The intestinal mucosa serves as a barrier to infection from pathogens and normal gut flora. This barrier is defended by the mucosal immune system through a variety of innate and adaptive immune mechanisms. However, mucosal immune responses must be tightly regulated to maintain tolerance to resident normal flora and food antigens. Because peripheral tolerance cannot be explained completely by immunological ignorance or negative selection in the thymus, various mechanisms have been proposed for how lamina propria macrophages (MPs) and dendritic cells (DCs) capture and present luminal antigen in the steady-state to promote intestinal homeostasis. Recently, we described a novel luminal antigen transport mechanism that we've termed goblet cell associated antigen passages (GAPs). The role of GAPs in peripheral tolerance vs. immunity is relatively unexplored, but GAPs deliver small soluble antigens preferentially to CD103+ DCs, which have tolerogenic potential. A key question is whether pathogen invasion mechanisms have evolved to target steady-state antigen acquisition pathways (e.g., GAPs) as a strategy to evade the acute immune response. These studies will use a common and often deadly bacterial pathogen, Listeria monocytogenes (Lm), to investigate how initial host-bacterial interactions (minutes to hours) affects mucosal immunity and link invasion pathways to downstream infection outcomes. Our hypothesis is that bacterial invasion via GAPs will lead to inefficient innate and adaptive immune responses and increase bacterial persistence in the host. This hypothesis will be tested in vivo using a murinized Lm strain (Lm InlAMt) mouse that can infect mice orally and complemented by studying Lm InlAWt infection in explanted human intestinal tissues. These studies build on important recent developments including the murinized Lm oral infection model, in vivo two-photon imaging of the intestine and mesenteric lymph nodes, the development of a human explant infection system and state-of- the-art RNA sequencing approaches to characterize epithelial responses. This work is conceptually innovative in that it examines the first few minutes of an infection, which is rarely studied in vivo and impractical to study in human patients, but which may ultimately determine infection outcomes.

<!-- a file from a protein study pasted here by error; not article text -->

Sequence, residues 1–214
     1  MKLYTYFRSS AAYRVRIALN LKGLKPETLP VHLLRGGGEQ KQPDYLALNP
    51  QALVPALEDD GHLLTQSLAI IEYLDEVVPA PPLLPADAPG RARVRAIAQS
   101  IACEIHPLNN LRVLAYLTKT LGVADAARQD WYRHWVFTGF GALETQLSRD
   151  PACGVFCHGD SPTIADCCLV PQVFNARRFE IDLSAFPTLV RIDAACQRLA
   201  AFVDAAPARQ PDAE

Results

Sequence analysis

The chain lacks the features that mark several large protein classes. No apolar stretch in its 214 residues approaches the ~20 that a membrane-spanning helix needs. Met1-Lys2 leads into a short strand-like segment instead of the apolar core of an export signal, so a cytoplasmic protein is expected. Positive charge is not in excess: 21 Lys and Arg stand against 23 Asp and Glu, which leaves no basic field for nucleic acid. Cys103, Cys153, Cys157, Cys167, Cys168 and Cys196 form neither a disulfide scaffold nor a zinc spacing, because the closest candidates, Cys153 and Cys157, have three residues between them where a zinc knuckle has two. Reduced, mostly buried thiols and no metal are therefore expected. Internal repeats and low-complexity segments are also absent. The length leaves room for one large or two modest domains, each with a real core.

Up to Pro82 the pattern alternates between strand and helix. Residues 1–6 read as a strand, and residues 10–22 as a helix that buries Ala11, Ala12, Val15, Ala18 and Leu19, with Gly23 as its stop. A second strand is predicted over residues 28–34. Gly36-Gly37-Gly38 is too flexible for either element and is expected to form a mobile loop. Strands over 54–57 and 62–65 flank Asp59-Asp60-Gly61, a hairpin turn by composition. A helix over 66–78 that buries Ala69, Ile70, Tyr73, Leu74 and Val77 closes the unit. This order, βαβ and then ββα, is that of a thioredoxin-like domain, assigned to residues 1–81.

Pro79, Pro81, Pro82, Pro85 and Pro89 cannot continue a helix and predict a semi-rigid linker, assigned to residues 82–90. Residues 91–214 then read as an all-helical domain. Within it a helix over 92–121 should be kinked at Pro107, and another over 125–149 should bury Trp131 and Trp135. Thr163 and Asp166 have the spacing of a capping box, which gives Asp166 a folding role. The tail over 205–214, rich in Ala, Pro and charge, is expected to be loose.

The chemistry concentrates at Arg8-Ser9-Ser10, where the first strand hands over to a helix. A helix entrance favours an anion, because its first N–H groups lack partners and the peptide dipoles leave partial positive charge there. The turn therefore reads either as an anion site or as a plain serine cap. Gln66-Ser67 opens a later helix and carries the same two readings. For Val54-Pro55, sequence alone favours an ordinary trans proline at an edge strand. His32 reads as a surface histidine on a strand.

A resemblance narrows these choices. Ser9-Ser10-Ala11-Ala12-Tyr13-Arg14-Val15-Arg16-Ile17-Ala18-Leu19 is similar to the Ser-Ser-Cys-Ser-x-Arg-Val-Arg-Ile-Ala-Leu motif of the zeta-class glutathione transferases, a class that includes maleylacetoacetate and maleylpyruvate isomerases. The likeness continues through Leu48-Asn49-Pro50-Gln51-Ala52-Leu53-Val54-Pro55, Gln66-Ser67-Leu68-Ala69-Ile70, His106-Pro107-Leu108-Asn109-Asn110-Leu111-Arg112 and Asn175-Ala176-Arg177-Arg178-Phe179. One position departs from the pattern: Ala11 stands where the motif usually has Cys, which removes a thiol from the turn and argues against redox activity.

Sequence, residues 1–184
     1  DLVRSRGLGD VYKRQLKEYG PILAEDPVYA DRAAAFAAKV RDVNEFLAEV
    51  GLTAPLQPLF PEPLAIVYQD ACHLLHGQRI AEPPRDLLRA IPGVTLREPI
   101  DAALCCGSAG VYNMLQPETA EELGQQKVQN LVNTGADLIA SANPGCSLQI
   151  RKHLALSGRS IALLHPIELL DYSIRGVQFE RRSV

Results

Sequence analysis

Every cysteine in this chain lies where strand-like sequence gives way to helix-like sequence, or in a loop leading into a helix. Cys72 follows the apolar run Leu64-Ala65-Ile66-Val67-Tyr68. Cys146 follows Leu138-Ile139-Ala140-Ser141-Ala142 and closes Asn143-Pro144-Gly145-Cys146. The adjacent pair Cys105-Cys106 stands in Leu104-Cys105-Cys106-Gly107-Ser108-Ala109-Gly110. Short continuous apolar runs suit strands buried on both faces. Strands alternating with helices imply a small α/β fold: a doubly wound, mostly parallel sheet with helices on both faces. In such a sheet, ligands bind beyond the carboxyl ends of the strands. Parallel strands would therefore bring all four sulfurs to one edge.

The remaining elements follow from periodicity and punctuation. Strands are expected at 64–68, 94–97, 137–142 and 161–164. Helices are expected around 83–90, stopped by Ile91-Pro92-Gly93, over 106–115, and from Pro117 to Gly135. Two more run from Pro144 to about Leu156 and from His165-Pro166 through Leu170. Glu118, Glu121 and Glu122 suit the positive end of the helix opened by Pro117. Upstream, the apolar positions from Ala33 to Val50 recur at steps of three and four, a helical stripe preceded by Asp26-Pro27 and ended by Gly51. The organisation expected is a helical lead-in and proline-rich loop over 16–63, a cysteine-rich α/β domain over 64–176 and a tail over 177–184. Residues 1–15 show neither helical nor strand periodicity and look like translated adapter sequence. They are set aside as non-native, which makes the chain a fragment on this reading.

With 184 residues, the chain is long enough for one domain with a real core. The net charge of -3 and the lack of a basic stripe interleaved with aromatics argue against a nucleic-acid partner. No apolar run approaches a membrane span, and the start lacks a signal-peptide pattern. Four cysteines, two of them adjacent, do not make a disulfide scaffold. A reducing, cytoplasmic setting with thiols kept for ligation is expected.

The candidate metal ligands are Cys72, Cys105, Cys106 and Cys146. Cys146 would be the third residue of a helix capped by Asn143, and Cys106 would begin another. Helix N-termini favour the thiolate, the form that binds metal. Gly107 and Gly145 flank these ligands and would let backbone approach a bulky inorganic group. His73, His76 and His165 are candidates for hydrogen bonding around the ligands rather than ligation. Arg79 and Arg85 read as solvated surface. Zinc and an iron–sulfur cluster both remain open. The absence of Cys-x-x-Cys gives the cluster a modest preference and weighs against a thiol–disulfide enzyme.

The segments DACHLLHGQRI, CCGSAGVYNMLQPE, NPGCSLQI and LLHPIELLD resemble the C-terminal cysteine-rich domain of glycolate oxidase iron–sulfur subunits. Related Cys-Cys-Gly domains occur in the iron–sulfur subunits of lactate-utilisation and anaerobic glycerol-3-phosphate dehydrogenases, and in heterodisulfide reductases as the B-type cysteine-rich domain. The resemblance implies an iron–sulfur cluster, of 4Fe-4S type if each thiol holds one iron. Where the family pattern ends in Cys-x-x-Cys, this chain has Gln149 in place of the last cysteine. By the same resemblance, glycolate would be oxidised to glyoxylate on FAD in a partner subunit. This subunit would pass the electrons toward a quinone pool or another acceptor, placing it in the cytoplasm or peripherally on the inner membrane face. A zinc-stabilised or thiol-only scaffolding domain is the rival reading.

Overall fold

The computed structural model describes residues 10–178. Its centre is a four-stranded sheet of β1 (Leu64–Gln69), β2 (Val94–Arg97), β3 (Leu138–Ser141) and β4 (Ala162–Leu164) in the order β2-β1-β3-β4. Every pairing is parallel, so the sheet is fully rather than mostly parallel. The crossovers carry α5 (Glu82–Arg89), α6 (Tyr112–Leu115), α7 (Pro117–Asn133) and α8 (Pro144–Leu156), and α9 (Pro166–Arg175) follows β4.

The intestine is lined with a single layer of epithelial cells that serve both as a surface for nutrient uptake and a barrier to infection. Recent evidence suggests that luminal antigen from food and harmless microbes must be transported across the epithelium to maintain homeostasis and prevent inflammatory disease. This project will use live imaging, gene expression and histological methods to examine whether pathogenic bacteria (Listeria monocytogenes) can exploit basal antigen transport mechanisms to evade immune responses and infect the host. This proposal will examine the acute host response within the first few minutes of an infection and link different bacterial invasion pathways with immunological outcomes. This knowledge is relevant for designing vaccines and treatments for intestinal infections.
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